Carliner, Saul. “Certification and the Branding of HRD.” Human Resource Development Quarterly 23, no. 3 (2012): 411-19.
Saul Carliner suggests that human resource development (HRD) is a growing professional area, but lacks official certification programs to train new HRD professionals. He uses this article to discuss what training programs are available and how these programs and aid the development of HRD professionals.
While the link between HRD professionals and technical communicators may seem tenuous, many of the arguments Carliner presents are applicable to the state of technical communication today. Carliner’s definition of a certification as “the validation of demonstrated competence in a particular field by a third-party assessor” is an important milestone. While there are numerous technical communication degree programs that allow students to demonstrate competence in many areas of technical communication, there are currently few avenues for technical communicator practitioners to establish an official demonstrated competence of their technical communicator abilities.
For technical communication to be taken seriously as a profession, certification programs need to be available and with the 2007-2009 work by Nancy Coppola to establish a broad body of knowledge, elements are in place to produce certification programs. With certification programs in place, practitioners can earn certification and are given avenues to maintain current skills and learn new skills, especially in a field as rapidly evolving as technical communication.
Carliner’s article is an example of how numerous certification programs can work together to engage the field and provide an aura of professionalization that provides authenticity and legitimacy to the profession.
Should Technical Communicators consider themselves “Human Resource Development Practitioners? Why or Why Not?
Turner, Roy K., and Kenneth T. Rainey. “Certification in Technical Communication.” Technical Communication Quarterly 13, no. 2 (2004): 211-34.
In this considerable article, Turner and Rainey discuss the debate of how to best certify technical and professional communicators. Turner and Rainey position the debate as an ethical issue: a profession, if it is to be judged a profession, must have a mechanism by which the profession can be judged and held accountable for its work. All other respected professions have their crediting agencies so for technical communicators to call themselves professionals, they must have some form of certification, licensure, or accreditation. Without such certification, customers may cast doubt over the quality of work offered as there is little visible guarantee that a technical communicator can complete even the simplest of tasks effectively or accurately.
Rather than descend into a circular argument about whether certification or accreditation produces better workers, Turner and Rainey instead ask, “What does the absence of a competencies assessment say about the profession?”. They conclude that the lack of a competencies assessment “tarnishes” the profession by suggesting the profession’s leaders are irresponsible, and that by keeping the public ill informed means the public have little idea about the professional competencies of the profession’s practitioners.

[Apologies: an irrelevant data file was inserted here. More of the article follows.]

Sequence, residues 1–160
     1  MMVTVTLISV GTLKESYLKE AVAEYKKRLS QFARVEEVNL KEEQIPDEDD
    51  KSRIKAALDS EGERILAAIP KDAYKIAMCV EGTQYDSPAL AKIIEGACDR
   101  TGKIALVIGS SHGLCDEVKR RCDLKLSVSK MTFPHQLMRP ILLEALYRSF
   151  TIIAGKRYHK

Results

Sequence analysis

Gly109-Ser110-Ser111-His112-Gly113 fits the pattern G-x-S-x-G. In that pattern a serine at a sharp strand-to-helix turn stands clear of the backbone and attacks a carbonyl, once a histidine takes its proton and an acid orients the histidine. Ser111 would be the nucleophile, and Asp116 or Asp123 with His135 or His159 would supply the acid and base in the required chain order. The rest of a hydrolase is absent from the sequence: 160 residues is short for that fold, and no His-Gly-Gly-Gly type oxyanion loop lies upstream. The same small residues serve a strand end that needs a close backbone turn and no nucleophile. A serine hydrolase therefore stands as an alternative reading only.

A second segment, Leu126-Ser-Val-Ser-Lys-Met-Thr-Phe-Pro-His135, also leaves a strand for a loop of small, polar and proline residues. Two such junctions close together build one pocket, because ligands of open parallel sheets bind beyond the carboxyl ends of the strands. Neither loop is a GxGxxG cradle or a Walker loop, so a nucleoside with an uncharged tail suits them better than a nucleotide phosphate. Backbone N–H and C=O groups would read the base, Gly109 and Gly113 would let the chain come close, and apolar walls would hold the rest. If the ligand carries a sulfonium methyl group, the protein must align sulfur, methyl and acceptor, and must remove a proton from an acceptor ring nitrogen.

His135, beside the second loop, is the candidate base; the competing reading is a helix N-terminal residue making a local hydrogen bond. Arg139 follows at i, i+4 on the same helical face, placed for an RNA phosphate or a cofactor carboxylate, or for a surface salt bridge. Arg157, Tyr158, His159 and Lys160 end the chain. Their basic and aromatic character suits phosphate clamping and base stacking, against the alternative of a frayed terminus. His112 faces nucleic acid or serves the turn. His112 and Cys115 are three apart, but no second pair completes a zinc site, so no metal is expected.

Ultimately, Turner and Rainey believe that an objective, fair, and meaningful system of certification will greatly benefit the profession of technical communication as well as individual technical communication professionals. Especially when compared to other recognized professions, technical communicators owe an ethical obligation to their potential customers and consumers to show an objective, fair, and meaningful certification system.
How do you assess the best way to train technical communicators?
Yvonne, Cleary. “Discussions About the Technical Communication Profession: Perspectives from the Blogosphere.” Technical Communication 59, no. 1 (2012): 8-28.
Yvonne Cleary mines the blogosphere for Technical Communication authors and their blogs to analyze their content and how this relates to the professionalism of Technical Communication. In her analysis, Cleary discusses the trends, impact, and future of technical communication, as found in her chosen blogs. While Cleary did not conduct an extensive or qualitative-controlled analysis of the blogs, she nonetheless established several areas of emphasis for technical communication bloggers.
One of the key foci for Cleary’s article pertains to the role of blogs in forming the “profession” of technical communication. Commenting that professionalism and acknowledgement that technical writing can be a “profession” with all the honors, respect, and accolades that come with the title. Despite positing that professionalism is an important discussion for technical communicators, Cleary finds 18 posts from five bloggers about this issue, the vast majority from one blogger – Bill Swallow.
The themes of the professionalism posts cover both positive and negative trends of professional organizations, such as the Society for Technical Communication (STC). While the blog posters and commentators referenced positives and negatives about the STC, Cleary mentioned how other organizations also existed that fulfilled similar functions to the STC. The take-away from Cleary’s article is the need for some form of professional organization to create social capital, exchange ideas, and to report from industry events. The role of blogs is vital and helps form conversations around the industry.
Are blogs necessary for technical communicators to pursue professionalism? If so, how can bloggers encourage professionalization?